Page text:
I’m very excited that my first article as a TechCrunch contributor was posted yesterday.
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From Turnaround Management: Does Your Company Need A New Captain?
When thinking of business “turnaround,” names like McDonald’s and Samsung come to mind as they struggle to navigate the changing market and waning consumer interest. Yet, a business at any stage of growth may require a turnaround, or ‘pivot’ on its core strategy. This is a concept with which many startup founders are familiar.
I am all too familiar with the turnaround concept. I left a comfortable role at Microsoft and chose to take on the challenge of becoming the CEO of a newly acquired business within a larger corporation. Within 18 months I managed to turn around its decline into double-digit growth.
During this time I had to decide which role I would take as the leader of a troubled company. I found that I had to be both a doctor and captain, and that there are five key steps that led to turnaround success for my team, our customers and myself.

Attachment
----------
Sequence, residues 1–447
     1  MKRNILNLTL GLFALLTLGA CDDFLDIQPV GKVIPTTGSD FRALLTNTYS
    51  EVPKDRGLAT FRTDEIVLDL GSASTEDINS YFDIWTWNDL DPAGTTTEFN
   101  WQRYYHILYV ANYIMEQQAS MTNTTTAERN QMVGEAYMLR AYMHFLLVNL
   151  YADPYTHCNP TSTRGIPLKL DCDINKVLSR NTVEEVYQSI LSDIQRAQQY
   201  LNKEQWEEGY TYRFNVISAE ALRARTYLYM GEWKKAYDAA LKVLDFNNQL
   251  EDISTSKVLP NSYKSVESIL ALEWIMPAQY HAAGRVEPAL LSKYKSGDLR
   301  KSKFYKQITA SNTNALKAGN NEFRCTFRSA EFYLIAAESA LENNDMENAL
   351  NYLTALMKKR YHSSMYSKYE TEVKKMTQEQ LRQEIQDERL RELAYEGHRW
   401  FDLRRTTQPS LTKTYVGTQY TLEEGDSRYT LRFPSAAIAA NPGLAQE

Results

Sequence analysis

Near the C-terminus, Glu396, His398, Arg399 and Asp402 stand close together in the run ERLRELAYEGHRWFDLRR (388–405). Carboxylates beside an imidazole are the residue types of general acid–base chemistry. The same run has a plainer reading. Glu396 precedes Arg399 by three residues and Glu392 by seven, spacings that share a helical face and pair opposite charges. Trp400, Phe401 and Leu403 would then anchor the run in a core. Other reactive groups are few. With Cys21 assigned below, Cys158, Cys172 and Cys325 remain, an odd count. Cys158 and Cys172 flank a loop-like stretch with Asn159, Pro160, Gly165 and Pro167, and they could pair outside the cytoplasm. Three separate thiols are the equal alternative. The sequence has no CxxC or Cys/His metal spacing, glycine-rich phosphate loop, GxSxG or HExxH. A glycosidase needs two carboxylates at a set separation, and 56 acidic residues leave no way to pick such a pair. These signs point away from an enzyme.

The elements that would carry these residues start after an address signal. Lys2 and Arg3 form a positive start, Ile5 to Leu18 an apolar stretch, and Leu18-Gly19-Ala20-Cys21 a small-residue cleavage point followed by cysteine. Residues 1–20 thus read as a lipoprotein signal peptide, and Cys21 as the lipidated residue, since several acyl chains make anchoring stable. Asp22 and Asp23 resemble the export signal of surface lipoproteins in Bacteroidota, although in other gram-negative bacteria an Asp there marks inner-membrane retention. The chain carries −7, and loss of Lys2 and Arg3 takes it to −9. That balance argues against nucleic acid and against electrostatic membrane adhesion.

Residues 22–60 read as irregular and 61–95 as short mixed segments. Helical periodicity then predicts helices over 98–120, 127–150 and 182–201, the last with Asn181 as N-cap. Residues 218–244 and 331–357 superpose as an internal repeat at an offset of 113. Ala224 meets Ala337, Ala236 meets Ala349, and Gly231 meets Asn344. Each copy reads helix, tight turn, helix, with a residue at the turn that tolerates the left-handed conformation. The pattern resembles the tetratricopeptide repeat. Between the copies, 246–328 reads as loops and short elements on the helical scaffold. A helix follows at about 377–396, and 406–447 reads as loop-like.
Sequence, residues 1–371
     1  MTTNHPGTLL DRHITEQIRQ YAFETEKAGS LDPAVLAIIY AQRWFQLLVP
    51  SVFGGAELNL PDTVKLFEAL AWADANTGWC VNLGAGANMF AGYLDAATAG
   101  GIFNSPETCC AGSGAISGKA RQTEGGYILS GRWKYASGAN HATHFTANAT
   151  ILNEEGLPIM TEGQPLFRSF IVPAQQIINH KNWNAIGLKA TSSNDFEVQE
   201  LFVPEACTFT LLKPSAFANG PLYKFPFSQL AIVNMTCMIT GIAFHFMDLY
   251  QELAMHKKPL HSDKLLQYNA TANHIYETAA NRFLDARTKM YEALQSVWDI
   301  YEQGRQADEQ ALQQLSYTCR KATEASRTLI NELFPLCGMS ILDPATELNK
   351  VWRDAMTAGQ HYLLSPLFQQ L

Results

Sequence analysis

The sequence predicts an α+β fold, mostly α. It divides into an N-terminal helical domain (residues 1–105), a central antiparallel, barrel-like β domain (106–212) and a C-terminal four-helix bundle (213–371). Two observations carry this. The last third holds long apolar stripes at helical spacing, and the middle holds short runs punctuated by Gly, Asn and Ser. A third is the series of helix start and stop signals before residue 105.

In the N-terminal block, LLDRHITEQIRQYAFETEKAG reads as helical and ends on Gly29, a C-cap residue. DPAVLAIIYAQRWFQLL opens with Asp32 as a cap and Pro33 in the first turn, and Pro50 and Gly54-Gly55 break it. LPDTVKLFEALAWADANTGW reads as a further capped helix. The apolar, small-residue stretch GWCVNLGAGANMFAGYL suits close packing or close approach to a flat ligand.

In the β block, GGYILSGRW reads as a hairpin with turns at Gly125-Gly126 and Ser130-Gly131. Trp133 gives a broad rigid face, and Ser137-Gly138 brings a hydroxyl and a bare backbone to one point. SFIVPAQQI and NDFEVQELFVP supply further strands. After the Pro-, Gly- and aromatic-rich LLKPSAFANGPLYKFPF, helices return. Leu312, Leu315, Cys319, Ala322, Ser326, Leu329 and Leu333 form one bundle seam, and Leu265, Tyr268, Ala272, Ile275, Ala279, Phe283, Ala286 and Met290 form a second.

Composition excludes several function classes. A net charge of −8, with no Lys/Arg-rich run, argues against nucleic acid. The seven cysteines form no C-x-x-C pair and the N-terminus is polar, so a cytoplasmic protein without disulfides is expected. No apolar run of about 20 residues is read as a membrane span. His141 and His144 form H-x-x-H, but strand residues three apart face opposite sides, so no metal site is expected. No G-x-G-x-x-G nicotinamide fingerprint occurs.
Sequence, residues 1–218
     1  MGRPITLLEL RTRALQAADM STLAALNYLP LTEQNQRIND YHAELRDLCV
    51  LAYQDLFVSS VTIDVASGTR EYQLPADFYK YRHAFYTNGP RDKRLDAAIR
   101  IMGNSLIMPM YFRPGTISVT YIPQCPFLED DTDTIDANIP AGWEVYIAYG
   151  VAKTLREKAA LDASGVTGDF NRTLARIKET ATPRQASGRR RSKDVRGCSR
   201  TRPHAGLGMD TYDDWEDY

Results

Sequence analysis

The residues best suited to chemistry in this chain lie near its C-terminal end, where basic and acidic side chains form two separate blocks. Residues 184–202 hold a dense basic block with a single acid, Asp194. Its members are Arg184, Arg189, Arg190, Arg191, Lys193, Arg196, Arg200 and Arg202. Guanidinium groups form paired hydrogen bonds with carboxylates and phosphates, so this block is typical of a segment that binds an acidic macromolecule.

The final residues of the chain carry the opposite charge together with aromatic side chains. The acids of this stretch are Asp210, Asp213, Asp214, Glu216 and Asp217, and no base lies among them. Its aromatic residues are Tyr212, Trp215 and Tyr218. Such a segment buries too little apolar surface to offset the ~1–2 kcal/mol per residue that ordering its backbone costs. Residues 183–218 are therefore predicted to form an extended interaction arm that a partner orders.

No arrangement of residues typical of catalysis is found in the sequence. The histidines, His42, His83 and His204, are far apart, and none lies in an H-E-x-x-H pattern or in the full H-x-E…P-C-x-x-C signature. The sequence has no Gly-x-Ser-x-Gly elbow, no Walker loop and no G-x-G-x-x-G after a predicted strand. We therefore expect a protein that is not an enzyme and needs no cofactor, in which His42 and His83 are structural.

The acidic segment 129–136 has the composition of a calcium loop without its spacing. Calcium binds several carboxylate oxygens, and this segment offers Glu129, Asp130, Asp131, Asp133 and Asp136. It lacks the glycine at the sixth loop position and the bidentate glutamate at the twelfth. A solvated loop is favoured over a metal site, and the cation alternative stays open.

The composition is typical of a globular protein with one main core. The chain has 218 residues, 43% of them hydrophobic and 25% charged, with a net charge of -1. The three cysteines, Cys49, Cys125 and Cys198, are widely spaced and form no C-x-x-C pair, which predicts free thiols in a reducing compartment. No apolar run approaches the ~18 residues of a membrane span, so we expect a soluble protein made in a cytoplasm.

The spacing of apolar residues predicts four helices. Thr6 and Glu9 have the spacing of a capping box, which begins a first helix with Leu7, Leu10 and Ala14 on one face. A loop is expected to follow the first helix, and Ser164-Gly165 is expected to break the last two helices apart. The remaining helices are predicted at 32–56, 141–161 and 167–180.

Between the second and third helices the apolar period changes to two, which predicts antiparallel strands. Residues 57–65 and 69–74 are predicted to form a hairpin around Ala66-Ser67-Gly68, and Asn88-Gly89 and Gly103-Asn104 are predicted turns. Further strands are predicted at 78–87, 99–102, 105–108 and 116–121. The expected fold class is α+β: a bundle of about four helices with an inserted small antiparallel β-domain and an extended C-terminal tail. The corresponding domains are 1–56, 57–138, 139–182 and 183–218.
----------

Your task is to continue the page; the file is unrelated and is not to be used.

The first challenge I faced was deciding whether to speak first with unhappy or happy customers. As a rule of thumb I follow an 80/20 rule, focusing my energy on the happy customers; I find it’s easier to do more of the good to turn this to greatness than focus your energy on the negative. As a leader, this is the time when you need to listen, listen, listen. To obtain the most pertinent information, I asked a few key questions: What are we doing well? What should we prioritize to fix?
I then focused my attention on the organization’s key influencers to ask them the same questions. Instead of selecting this group from company performance rankings and HR records, I spoke to the individuals who I heard had the largest influence and credibility from across the group — making sure I had representation from across marketing, sales, operations, product, support etc. I wanted to begin to build a trusted network of advisors and influencers. From this initial group I then asked them to name two further individuals they held in high regard. Here I had to analyze the various company ailments.
Then I reviewed the wider market and major trends at play that would impact future business decisions, noting any recurring themes that required more attention. For example, I found that we excelled in the level of service provided to customers — something that we would need to maintain, and also use to our advantage, through PR, awards and case studies.
Read the entire post: Turnaround Management: Does Your Company Need A New Captain? here.